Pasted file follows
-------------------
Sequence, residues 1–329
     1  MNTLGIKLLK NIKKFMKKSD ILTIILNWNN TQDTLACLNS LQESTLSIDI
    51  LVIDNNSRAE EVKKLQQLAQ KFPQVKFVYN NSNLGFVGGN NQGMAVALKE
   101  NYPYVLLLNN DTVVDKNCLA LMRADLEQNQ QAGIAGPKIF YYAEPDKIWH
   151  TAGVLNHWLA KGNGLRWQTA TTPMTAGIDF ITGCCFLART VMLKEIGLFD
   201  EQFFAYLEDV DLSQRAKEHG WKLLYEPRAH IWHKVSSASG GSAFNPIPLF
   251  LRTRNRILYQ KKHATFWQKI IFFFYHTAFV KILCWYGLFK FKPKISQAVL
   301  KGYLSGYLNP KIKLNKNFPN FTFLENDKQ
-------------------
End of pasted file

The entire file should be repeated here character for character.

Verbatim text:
Sequence, residues 1–329
     1  MNTLGIKLLK NIKKFMKKSD ILTIILNWNN TQDTLACLNS LQESTLSIDI
    51  LVIDNNSRAE EVKKLQQLAQ KFPQVKFVYN NSNLGFVGGN NQGMAVALKE
   101  NYPYVLLLNN DTVVDKNCLA LMRADLEQNQ QAGIAGPKIF YYAEPDKIWH
   151  TAGVLNHWLA KGNGLRWQTA TTPMTAGIDF ITGCCFLART VMLKEIGLFD
   201  EQFFAYLEDV DLSQRAKEHG WKLLYEPRAH IWHKVSSASG GSAFNPIPLF
   251  LRTRNRILYQ KKHATFWQKI IFFFYHTAFV KILCWYGLFK FKPKISQAVL
   301  KGYLSGYLNP KIKLNKNFPN FTFLENDKQ